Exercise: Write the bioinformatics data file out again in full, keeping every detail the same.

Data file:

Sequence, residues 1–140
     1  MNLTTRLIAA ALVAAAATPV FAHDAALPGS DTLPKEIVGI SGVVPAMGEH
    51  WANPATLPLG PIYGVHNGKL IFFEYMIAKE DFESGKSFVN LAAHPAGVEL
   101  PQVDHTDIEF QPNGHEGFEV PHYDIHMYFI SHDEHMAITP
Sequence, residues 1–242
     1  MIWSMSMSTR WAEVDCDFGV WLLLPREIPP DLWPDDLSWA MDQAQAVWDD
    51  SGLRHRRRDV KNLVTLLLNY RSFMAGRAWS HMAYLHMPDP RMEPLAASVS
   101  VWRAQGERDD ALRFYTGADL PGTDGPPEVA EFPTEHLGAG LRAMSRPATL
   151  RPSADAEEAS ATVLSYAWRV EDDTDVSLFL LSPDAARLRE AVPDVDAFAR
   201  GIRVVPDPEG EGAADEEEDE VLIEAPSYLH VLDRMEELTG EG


Sequence, residues 1–140
     1  MNLTTRLIAA ALVAAAATPV FAHDAALPGS DTLPKEIVGI SGVVPAMGEH
    51  WANPATLPLG PIYGVHNGKL IFFEYMIAKE DFESGKSFVN LAAHPAGVEL
   101  PQVDHTDIEF QPNGHEGFEV PHYDIHMYFI SHDEHMAITP
Sequence, residues 1–242
     1  MIWSMSMSTR WAEVDCDFGV WLLLPREIPP DLWPDDLSWA MDQAQAVWDD
    51  SGLRHRRRDV KNLVTLLLNY RSFMAGRAWS HMAYLHMPDP RMEPLAASVS
   101  VWRAQGERDD ALRFYTGADL PGTDGPPEVA EFPTEHLGAG LRAMSRPATL
   151  RPSADAEEAS ATVLSYAWRV EDDTDVSLFL LSPDAARLRE AVPDVDAFAR
   201  GIRVVPDPEG EGAADEEEDE VLIEAPSYLH VLDRMEELTG EG